Clarifying how lithium ions ferry around in rechargeable batteries
IBS scientists observe the real-time ultrafast bonding of lithium ions with the solvents, in the same process that happens during charging and discharging of lithium batteries, and conclude that a new theory is needed.
New gel-like coating beefs up the performance of lithium-sulfur batteries
Yale scientists have developed an ultra-thin coating material that has the potential to extend the life and improve the efficiency of lithium-sulfur batteries, one of the most promising areas of energy research today.

Related Lithium Reading:

Best Science Podcasts 2019

We have hand picked the best science podcasts for 2019. Sit back and enjoy new science podcasts updated daily from your favorite science news services and scientists.
Now Playing: TED Radio Hour

Bias And Perception
How does bias distort our thinking, our listening, our beliefs... and even our search results? How can we fight it? This hour, TED speakers explore ideas about the unconscious biases that shape us. Guests include writer and broadcaster Yassmin Abdel-Magied, climatologist J. Marshall Shepherd, journalist Andreas Ekström, and experimental psychologist Tony Salvador.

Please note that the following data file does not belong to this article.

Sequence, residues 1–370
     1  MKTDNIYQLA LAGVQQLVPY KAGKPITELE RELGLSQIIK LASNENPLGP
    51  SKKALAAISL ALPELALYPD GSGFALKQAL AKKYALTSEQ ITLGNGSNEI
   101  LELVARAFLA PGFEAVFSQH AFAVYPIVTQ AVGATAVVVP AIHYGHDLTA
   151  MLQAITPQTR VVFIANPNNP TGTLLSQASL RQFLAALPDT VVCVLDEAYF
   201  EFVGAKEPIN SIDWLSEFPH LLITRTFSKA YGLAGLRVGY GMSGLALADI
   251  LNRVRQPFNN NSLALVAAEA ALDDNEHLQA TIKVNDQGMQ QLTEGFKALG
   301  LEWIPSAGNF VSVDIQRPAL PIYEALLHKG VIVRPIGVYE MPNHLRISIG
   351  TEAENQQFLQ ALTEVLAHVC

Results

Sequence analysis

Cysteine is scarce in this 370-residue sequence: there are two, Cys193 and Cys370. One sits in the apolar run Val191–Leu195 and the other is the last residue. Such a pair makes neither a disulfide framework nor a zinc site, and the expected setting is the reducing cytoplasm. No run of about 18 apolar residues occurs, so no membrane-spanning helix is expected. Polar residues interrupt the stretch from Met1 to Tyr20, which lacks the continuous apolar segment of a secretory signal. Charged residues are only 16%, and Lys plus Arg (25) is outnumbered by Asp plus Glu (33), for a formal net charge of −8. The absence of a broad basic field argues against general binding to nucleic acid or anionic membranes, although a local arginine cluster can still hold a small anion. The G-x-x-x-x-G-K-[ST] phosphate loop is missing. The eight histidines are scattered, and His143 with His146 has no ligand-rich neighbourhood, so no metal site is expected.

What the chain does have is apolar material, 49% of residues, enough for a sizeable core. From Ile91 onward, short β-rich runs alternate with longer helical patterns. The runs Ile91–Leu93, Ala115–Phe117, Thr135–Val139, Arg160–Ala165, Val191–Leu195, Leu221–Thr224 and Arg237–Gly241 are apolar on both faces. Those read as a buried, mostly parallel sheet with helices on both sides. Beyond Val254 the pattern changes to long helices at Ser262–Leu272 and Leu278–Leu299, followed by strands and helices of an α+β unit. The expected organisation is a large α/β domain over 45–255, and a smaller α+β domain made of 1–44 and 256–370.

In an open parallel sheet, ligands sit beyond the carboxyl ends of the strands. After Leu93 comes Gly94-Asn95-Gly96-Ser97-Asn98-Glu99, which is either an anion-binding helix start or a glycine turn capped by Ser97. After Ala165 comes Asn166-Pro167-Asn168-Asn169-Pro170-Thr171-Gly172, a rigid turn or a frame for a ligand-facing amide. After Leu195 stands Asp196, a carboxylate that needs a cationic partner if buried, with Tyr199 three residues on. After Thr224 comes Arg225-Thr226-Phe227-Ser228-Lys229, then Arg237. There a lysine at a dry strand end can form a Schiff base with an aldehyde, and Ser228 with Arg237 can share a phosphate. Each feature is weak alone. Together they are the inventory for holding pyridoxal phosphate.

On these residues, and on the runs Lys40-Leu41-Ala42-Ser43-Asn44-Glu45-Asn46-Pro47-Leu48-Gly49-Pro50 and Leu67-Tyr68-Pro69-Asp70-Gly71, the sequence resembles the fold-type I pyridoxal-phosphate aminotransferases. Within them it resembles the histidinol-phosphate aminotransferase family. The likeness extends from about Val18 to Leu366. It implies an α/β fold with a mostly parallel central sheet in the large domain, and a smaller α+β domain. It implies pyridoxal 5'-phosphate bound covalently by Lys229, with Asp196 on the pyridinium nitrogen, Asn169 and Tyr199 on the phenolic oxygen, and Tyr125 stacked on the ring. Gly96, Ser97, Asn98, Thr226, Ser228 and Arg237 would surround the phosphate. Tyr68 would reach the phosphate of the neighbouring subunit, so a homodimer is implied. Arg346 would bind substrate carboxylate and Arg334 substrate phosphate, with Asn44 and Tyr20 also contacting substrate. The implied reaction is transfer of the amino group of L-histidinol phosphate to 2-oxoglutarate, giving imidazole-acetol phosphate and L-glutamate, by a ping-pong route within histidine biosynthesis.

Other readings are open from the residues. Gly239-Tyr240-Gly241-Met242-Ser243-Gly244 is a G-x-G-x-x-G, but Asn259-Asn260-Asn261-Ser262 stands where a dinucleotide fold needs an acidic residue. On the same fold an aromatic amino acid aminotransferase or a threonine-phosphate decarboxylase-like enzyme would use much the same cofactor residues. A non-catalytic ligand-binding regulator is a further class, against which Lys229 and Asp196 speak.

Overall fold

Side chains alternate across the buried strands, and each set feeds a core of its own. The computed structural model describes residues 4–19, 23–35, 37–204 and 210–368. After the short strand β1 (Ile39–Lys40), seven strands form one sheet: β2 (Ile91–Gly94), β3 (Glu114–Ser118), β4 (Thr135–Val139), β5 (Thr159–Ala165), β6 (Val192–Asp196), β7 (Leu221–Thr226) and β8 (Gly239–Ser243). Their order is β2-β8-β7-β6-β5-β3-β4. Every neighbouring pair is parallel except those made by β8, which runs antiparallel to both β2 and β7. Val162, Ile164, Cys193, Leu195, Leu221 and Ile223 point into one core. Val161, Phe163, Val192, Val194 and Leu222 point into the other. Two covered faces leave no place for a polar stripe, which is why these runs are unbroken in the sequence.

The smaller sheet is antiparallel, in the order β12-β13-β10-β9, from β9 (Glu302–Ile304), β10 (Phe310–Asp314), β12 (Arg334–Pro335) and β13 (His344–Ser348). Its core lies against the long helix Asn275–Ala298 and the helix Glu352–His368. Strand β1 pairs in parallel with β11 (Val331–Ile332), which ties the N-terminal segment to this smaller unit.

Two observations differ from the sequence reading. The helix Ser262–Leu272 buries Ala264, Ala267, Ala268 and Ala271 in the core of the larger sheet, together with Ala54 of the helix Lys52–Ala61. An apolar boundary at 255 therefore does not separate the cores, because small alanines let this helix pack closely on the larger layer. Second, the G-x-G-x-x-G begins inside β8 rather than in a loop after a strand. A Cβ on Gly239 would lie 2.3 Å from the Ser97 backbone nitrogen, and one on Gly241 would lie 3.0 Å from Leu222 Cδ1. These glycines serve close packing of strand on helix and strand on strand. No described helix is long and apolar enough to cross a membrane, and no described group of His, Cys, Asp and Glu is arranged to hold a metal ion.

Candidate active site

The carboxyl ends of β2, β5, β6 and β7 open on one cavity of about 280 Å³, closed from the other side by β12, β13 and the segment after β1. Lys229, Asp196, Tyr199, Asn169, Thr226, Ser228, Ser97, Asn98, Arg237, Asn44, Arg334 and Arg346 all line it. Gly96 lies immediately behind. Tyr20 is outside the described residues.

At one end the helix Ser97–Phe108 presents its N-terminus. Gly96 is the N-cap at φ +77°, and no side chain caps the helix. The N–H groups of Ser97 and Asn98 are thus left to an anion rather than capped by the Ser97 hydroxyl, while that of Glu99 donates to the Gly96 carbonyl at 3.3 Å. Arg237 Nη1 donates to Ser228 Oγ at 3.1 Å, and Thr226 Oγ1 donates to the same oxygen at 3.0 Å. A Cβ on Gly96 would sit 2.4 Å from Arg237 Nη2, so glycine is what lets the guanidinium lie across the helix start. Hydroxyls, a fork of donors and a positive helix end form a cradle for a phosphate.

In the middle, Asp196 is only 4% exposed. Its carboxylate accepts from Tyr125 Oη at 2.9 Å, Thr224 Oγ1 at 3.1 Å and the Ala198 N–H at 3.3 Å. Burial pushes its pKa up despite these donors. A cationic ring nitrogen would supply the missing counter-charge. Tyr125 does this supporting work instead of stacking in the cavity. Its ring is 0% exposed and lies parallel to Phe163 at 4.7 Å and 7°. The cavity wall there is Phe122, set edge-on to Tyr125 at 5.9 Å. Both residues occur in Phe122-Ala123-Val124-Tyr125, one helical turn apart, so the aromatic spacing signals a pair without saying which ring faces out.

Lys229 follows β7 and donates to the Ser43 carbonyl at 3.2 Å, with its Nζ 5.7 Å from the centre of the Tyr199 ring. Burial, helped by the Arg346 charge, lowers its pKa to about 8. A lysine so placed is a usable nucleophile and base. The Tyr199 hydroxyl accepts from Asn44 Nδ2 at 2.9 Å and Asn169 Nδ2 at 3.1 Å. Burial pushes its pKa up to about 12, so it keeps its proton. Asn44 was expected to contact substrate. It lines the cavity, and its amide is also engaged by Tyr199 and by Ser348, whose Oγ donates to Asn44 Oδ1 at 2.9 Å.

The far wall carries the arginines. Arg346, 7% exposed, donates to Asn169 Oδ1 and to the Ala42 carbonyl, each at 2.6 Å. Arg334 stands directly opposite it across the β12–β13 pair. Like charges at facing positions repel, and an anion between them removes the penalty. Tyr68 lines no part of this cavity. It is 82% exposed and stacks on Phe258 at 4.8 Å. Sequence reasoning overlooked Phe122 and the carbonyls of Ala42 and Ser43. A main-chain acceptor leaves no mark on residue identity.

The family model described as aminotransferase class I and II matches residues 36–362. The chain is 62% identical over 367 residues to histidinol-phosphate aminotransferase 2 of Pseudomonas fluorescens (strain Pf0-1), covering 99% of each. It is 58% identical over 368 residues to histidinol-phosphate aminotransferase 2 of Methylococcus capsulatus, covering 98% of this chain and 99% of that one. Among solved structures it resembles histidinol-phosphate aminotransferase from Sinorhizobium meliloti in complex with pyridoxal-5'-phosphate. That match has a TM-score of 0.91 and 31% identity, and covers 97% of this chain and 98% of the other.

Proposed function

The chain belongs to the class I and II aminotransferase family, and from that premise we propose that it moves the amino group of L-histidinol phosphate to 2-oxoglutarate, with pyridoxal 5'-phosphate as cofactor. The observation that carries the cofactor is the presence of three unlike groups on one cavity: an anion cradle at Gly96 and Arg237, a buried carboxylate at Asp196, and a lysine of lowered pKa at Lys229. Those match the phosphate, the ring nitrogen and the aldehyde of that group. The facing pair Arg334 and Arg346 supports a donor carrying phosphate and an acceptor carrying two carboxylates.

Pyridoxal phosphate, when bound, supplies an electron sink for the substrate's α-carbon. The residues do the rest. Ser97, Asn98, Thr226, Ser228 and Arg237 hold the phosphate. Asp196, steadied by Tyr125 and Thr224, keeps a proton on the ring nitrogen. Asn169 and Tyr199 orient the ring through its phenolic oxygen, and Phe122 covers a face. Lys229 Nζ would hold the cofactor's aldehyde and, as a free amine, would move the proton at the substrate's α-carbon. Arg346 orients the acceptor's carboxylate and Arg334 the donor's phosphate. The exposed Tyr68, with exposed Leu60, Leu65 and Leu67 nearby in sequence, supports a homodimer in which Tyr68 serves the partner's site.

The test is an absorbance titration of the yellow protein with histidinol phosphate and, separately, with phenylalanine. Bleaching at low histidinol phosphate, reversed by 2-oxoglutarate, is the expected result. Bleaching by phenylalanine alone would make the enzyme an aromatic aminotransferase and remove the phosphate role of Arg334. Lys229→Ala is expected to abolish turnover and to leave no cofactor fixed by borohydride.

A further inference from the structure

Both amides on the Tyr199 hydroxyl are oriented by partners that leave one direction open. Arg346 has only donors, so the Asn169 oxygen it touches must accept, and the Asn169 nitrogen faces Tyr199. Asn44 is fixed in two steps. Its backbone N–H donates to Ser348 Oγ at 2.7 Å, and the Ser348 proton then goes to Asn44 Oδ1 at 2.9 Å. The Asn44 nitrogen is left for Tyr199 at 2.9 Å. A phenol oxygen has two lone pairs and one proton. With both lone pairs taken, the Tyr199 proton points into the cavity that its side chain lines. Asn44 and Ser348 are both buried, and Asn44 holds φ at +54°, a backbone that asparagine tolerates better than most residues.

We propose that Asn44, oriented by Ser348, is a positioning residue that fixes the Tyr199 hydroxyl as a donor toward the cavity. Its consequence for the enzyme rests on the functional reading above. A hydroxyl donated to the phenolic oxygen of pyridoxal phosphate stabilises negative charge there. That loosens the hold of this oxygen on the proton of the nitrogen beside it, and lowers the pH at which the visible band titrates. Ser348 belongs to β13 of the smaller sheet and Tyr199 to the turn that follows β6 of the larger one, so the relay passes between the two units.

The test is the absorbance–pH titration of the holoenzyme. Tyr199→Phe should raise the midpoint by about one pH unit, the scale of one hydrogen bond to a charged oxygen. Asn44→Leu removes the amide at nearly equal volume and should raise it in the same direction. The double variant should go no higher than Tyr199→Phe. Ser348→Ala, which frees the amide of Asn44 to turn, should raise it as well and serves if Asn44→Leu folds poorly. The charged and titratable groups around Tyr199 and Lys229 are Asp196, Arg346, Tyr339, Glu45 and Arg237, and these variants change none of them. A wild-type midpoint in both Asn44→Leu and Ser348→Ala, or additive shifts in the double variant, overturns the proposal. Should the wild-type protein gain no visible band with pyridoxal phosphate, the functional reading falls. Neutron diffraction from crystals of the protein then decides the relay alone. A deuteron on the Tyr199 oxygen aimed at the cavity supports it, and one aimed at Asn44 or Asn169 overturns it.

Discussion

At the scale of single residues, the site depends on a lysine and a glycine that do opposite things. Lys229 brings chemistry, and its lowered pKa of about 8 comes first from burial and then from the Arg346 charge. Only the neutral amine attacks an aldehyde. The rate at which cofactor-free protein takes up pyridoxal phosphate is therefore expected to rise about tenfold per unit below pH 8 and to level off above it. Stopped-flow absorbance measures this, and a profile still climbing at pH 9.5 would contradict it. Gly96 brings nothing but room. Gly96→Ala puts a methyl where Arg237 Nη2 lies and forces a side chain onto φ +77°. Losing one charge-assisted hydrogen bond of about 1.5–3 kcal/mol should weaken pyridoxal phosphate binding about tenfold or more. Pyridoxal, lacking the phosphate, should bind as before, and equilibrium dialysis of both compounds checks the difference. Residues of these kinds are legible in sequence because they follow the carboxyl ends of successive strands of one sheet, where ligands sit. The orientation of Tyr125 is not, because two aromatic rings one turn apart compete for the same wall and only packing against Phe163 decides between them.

Now Playing: Science for the People

#513 Dinosaur Tails
This week: dinosaurs! We're discussing dinosaur tails, bipedalism, paleontology public outreach, dinosaur MOOCs, and other neat dinosaur related things with Dr. Scott Persons from the University of Alberta, who is also the author of the book "Dinosaurs of the Alberta Badlands".